There is a lot going on in the world of market research. I have many clients who depend on us as their partner in fieldwork; we act as their hands and feet when ensuring that their fieldwork is executed with a desired quality standard, in budget and on time. In this rapidly changing environment we need to excel in all deliverables, and we depend on our people, technology and (sampling) sources to do so. The best package for clients is the preferred partner to work with in the market that has the ability to hit all the marks well. This means that with our client’s high frequency of projects, we need to excel on a daily basis. We are only as good as the delivery of our last (few) job(s).
According to a recent GRIT Sample Report* presented at SampleCon in January, 81% of industry buyers and sellers believe traditional panels are dying. At the same time, over half believe traditional panels are the gold standard. Traditional research panels do bring advantages that yield data quality; perhaps most important, they are not associated with loyalty programs. Rather, panelists are sequestered solely for the purpose of taking surveys which minimizes bias. Other important benefits include validation of people’s identities upon registration as well as extensive profiling that can be used not only for targeting, but also to shorten surveys by appending data. Double opt-in panels also facilitate the integration of behavioral and attitudinal data sets.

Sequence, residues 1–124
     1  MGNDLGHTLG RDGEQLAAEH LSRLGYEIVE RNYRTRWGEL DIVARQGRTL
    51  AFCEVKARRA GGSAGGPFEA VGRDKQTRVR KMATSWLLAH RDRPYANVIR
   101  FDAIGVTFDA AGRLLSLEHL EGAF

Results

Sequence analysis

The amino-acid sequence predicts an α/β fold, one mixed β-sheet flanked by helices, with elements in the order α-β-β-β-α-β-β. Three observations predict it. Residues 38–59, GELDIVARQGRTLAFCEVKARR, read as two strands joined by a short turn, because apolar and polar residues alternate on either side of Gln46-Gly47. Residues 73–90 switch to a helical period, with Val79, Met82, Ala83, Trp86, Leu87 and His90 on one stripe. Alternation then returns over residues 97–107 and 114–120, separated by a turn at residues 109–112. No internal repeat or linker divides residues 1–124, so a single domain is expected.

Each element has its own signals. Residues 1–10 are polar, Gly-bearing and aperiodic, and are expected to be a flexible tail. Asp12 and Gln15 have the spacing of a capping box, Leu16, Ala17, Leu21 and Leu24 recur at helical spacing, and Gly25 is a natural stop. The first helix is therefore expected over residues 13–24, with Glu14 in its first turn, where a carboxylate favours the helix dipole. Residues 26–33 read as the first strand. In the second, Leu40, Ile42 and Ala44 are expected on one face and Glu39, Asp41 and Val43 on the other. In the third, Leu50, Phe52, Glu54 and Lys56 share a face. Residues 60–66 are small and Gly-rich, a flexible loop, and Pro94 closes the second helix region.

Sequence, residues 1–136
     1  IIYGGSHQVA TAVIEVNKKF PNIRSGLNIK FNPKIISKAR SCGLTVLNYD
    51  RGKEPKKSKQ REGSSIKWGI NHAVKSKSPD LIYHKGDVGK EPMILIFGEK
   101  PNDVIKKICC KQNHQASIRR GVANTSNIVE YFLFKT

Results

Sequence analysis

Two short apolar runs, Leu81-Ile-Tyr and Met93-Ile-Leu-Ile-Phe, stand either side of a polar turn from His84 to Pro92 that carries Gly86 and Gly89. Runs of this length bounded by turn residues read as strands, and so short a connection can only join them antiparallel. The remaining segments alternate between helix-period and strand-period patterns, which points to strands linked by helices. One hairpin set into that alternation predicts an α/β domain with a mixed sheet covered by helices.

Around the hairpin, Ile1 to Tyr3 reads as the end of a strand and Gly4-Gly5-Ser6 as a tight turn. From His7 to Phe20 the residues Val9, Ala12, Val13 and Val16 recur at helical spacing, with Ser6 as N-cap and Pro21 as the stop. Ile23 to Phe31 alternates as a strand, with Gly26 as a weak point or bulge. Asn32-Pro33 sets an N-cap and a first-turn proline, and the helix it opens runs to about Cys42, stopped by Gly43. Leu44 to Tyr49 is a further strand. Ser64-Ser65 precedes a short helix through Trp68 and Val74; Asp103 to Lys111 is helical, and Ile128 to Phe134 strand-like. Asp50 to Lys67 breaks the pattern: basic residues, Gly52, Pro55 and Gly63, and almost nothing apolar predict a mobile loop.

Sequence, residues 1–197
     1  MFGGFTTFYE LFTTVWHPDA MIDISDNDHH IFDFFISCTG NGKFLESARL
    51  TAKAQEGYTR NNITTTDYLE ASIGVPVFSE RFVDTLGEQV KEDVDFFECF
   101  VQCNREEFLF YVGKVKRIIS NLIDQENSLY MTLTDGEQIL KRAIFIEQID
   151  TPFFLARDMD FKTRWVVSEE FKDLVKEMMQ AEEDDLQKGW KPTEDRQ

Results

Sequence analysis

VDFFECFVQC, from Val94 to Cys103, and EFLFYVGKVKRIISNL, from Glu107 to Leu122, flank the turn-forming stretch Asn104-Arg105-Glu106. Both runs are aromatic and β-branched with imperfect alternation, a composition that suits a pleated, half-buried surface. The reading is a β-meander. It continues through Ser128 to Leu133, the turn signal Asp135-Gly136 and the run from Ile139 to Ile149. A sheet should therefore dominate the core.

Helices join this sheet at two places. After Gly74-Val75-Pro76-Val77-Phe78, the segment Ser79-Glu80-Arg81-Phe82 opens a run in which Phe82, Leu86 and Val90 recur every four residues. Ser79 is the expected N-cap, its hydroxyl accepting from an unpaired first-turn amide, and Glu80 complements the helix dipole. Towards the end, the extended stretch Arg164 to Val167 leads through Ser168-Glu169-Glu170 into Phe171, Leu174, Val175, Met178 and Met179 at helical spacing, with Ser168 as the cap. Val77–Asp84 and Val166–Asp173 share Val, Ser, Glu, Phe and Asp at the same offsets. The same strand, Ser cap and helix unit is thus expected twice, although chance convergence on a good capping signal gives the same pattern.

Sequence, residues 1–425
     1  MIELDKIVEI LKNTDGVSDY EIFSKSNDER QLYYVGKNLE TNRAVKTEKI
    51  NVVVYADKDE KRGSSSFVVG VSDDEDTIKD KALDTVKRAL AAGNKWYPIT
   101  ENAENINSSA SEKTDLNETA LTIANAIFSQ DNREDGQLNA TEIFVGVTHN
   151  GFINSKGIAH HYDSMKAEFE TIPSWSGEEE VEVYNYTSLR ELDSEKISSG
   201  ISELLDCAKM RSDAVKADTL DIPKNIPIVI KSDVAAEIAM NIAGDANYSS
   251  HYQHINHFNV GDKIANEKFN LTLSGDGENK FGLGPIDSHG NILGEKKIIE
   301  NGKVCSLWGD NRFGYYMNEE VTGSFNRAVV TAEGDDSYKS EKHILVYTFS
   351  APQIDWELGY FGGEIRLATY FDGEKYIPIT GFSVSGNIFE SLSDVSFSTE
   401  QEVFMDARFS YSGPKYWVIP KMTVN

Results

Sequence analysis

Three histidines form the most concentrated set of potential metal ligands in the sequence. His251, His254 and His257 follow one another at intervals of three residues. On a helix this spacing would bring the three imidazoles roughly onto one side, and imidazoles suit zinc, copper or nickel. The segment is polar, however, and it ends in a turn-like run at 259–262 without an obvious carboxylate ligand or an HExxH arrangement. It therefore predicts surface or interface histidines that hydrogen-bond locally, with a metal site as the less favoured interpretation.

A recent blog from Lisa Wilding-Brown likened panels to “the polar icecaps of the industry.” It referenced grabbing an ice cold beverage for the read and this was spot on - I found the article refreshing.
Why? Because another panel leader bluntly and accurately outlined the key issue for panels today - that surveys are no longer fit for purpose. We know more than 50 percent of panellists are engaging via their mobile devices, yet they complete only 2 percent of studies on these devices. What’s more, there is nearly double the drop off rate compared to PC users.
This blog post was originally published on GreenBookBlog.org.
Are the best days of online research panels behind us?
Research fieldwork methodologies come and go. Postal panels, central location interviewing and CATI all had their moments, but are now outmoded. By all indications, the peak of online panel research was more than five years ago when we had large, responsive, deeply profiled panels. Today, panels are less responsive; respondents do not remain in panels as long and two key benefits of panels, sample selection and panel profiling processes, have largely been replaced by lower quality dynamic pre-screening and respondent allocation algorithms.